As you may know, the physical stimuli involved in sound are rapid oscillations in air pressure. Our standard model for oscillations is the sinusoid function, which is parameterized by its period and its amplitude. The period of a sound oscillation is short: between 0.3 and 10 milliseconds. The amplitude is small. To get a sense for how small, consider the change in air pressure when you take an elevator up 10 stories in a building. The pressure amplitude of sound at a conversational level of loudness corresponds to taking that elevator upward by 1 to 10 mm.

The shapes of the “e” (as in “eel”) and “o” (as in “stone”) sound waves—in short, the waveforms—are drawn in ?fig-sound-waves.

The function resembles none of our small set of pattern-book functions. It is more complicated, more detailed, more irregular than any of the basic modeling functions featured in this book.

For many tasks it is helpful to have a modeling approach that is well suited to such detailed and irregular functions. For example, we might want to identify the speaker from a recording, or to play the recording slower or faster without changing the essence of the sound, or to tweak the function to have additional properties such as being exactly on tune while maintaining its individuality as a sound.

A remarkable aspect of the waveforms in ?fig-sound-waves is their periodicity. The 0.05 sec graphics domain shown includes roughly seven repetitions of a basic waveform. That is, each cycle lasts about \(\frac{0.05 \text{s}}{7} \approx 7 \text{ms}\). what distinguishes the “e” waveform from the “o” waveform is the shape of the waveform that is being repeated. The individual cycle of the “o” has three peaks of diminishing amplitude. The “e” cycle has two main peaks, high then low. It also has a very fast wiggle superimposed on the two peaks.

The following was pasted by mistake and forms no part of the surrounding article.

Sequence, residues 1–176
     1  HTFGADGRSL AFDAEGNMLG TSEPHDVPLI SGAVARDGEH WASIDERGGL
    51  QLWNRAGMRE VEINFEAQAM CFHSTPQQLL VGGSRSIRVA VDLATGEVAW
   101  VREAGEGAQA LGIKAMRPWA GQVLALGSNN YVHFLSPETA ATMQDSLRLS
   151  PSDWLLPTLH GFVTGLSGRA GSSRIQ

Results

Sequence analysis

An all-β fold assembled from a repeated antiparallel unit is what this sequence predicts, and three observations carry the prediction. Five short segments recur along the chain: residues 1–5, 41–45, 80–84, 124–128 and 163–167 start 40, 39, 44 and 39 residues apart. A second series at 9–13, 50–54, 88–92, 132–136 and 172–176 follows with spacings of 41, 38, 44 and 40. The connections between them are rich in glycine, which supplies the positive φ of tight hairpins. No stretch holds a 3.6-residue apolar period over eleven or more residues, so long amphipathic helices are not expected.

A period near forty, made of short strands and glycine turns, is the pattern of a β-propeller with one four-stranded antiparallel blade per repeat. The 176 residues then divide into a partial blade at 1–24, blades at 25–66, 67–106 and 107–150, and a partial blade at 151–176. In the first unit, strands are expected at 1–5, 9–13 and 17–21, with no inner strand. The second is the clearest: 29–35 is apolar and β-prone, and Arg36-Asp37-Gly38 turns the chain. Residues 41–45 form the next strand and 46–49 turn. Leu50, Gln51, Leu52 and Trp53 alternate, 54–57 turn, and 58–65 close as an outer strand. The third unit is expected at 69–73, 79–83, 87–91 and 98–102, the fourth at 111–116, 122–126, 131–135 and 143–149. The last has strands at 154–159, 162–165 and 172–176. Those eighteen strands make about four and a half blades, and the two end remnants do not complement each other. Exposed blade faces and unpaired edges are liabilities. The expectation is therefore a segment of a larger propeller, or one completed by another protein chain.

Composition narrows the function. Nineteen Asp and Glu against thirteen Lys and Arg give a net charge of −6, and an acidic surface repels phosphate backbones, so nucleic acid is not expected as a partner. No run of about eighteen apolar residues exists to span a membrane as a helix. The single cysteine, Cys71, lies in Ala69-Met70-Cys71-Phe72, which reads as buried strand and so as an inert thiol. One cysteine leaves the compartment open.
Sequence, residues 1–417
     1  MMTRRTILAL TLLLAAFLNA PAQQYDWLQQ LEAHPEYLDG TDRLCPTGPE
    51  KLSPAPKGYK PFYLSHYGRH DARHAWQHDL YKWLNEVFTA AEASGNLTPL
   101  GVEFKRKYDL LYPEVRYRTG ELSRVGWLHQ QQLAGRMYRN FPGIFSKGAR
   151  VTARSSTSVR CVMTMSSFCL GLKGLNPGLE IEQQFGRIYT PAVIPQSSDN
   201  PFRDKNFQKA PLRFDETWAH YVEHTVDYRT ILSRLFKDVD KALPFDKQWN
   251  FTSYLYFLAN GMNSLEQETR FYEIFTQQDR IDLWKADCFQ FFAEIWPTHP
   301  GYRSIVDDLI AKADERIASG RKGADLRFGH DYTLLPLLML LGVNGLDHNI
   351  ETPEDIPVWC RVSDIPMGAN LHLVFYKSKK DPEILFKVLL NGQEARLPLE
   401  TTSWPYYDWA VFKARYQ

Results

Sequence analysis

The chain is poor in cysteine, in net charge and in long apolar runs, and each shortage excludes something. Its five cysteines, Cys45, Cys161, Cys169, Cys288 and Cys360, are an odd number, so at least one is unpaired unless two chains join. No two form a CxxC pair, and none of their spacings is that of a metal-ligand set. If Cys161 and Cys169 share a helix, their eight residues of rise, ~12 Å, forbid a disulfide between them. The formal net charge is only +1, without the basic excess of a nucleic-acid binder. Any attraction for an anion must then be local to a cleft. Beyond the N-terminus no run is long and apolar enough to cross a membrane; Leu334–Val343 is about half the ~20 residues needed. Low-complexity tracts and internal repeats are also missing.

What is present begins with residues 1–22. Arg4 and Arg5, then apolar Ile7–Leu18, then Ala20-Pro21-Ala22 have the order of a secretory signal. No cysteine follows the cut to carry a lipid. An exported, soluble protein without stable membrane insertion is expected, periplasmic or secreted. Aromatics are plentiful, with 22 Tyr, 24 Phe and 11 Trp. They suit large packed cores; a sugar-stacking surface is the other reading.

An important strategy for modeling such complicated oscillations is to decompose (synonym: analyze) them into a linear combination of simpler parts.

33.2 Sinusoids as vectors

The sinusoid is our fundamental model of periodic phenomena. To get started with using sinusoids as vectors, we will start with a simple setting: a single sinusoid of a specified frequency.

Figure 33.2 shows three sinusoids all with the same frequency, but shifted somewhat in time:

Since we have a dot product for functions, we can treat each of the three sinusoids as a vector. For instance, consider the length of waveforms A and B and the included angle between them.

## vector lengths 
lengthA <- Integrate(waveA(t) * waveA(t) ~ t, domain(t=0:1)) %>% sqrt() 
lengthA
## [1] 0.7071068
lengthB <- Integrate(waveB(t) * waveB(t) ~ t, domain(t=0:1)) %>% sqrt()
lengthB
## [1] 0.7071068
lengthC <- Integrate(waveC(t) * waveC(t) ~ t, domain(t=0:1)) %>% sqrt()
lengthC
## [1] 0.7071068
## dot products
dotAB   <- Integrate(waveA(t) * waveB(t) ~ t, domain(t=0:1)) 
dotAB
## [1] -3.984443e-18
dotAC   <- Integrate(waveA(t) * waveC(t) ~ t, domain(t=0:1))
dotAC
## [1] -0.1545085
dotBC   <- Integrate(waveB(t) * waveC(t) ~ t, domain(t=0:1))
dotBC
## [1] -0.4755283

The cosine of the included angle \(\theta\) between functions A and B is calculated using the the dot product formula: \[\cos(\theta) = \frac{A\bullet B}{\|A\|\, \|B\|}\] or, computationally

dotAB / (lengthA * lengthB)
## [1] -7.968886e-18

Since \(\cos(\theta) = 0\), wave A and B are orthogonal. Admittedly, there is no right angle to be perceived from the graph, but the mathematics of angles gives this result.

The graphical presentation of orthogonality between waveforms A and B is easier to appreciate if we plot out the dot product itself: the integral of waveform A times waveform B. Figure 33.3 shows this integral using colors, blue for positive and orange for negative. The integral is zero, since the positive (blue) areas exactly equal the negative (orange) areas.